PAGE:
Sokratis Sinopoulos, L’Achéron & François Joubert-Caillet – Lachrimæ Lyræ: Tears of Exile

sokPut on a scuba suit and a pair of lead underpants, because you’re about to take a ride in my motherfucking time machine.

OooOOohhHhhH fUuuUcCCcCkkK!

*Cobblestone streets. A man shits in a bucket. A woman gives her child a heroin/cocaine mix for their headache. Shakespeare is getting hella laid.*

Lords and ladies! May i presenteth to thee, the music of John Dowland. Born in 1563, this fine gent set forth this music compos’d for lute, viols, violins, and writ in five fucking parts. John Dowland ’tis a bombeth assed fuddy duddy lov’r of mothers. The Sokratis Sinopoulos Quartet doth play this liketh the gents art thou the true’st of moth’rfucking bosses. The album hast an incredible ability to soundeth both mod’rn and ancient as hell at the same timeth. Joined by L’Achéron and François Joubert-Caillet, and changing up the traditional lute for a Greek lyre, this dungheap bridges a gap between what is past and what art though present. If ’t ev’r gazeth the film Braveheart, and did dug yond soundtrack, thou art going to loveth this wench of an album with all thy heart.

The beauty of this album rests in the amount of space it allows for silence. This album doesn’t tryeth to reacheth thee with epic fucking grandness. Tis speaks to thee on wind. This album t’s joyous. This album t’s lighteth. Thee can picture bunnies, and various joyous Disney animals, fucking like wh’res as this plays. Yet at the heart of each piece sits a deep and sacred woe. This album is an expl’ration in finding beauty in darkest and deepest of teens, in wallowing despair, and in the blackest of hearts. A concept yond hast been ’round f’r a longeth motherfucking timeth. T’s incredible to hark concepts from so long ago that continueth to feeleth as real and the words on this fucking page.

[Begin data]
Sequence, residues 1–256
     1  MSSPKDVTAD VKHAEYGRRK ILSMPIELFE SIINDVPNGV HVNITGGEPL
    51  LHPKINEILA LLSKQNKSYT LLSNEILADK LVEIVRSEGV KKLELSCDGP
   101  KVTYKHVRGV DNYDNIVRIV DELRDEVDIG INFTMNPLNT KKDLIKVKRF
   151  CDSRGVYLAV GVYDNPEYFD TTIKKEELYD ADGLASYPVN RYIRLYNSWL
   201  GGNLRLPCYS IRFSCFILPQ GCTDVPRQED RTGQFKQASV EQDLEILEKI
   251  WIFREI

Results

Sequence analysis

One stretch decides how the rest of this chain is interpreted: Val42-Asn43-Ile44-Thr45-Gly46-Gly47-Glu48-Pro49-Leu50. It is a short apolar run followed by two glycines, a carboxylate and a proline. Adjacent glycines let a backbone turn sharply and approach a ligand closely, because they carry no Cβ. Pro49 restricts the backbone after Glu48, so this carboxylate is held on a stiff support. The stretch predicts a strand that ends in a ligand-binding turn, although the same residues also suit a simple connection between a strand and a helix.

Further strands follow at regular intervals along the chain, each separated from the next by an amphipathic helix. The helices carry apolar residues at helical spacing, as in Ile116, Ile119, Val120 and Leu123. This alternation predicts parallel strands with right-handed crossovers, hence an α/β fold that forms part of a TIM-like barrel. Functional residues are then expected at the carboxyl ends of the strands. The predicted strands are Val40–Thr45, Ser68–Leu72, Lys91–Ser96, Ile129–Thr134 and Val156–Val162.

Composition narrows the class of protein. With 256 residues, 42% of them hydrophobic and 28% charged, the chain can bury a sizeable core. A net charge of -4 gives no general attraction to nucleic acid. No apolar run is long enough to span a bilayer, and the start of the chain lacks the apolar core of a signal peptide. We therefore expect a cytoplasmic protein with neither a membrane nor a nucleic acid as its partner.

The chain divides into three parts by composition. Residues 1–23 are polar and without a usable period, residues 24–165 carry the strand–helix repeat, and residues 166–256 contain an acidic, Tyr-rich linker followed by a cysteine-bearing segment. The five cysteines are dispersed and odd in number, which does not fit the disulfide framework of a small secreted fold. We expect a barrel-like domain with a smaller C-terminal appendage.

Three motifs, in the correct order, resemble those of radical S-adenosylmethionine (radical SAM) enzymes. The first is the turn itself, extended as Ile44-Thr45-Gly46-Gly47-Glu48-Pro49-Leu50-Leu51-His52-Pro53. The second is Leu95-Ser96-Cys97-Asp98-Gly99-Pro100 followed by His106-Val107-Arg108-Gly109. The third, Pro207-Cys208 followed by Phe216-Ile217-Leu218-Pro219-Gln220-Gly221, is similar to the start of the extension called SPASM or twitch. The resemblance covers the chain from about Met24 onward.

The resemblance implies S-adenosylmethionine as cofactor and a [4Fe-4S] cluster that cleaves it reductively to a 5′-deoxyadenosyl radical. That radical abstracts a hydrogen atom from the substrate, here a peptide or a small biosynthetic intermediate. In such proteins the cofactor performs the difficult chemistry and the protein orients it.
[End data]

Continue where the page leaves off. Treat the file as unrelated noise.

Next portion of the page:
*Asphalt streets. A man shits in a robotic/selfcleaning/talking toilet. A woman gives her child an Ipad and and loud cartoons for their headache. Jason Momoa is getting hella laid.*

The concepts behind these compositions are beautiful. They were published back in 1604 when Dowland was employed as lutenist. At the top of their pages was a Latin epigram that said, “Aut Furit, aut Lachrimat, quem non Fortuna beavit” (“He whom Fortune has not blessed either rages or weeps”). You know how I said this shit was put into seven parts? That’s because each part is written for its own kind of tear. I shit you not. That’s how it works. You’ve got Old tears, Old tears renewed, Sighing tears, Sad tears, Forced tears, A Lover’s tears, and finally True tears. John Dowland wasn’t some stupid hard motherfucker. He understood that there are many ways to cry. And in the hands of these players, this concept continues to make its impact all the way to the present day. An idea yond travels through time effectively? ’Tis motherfucker is da shit.





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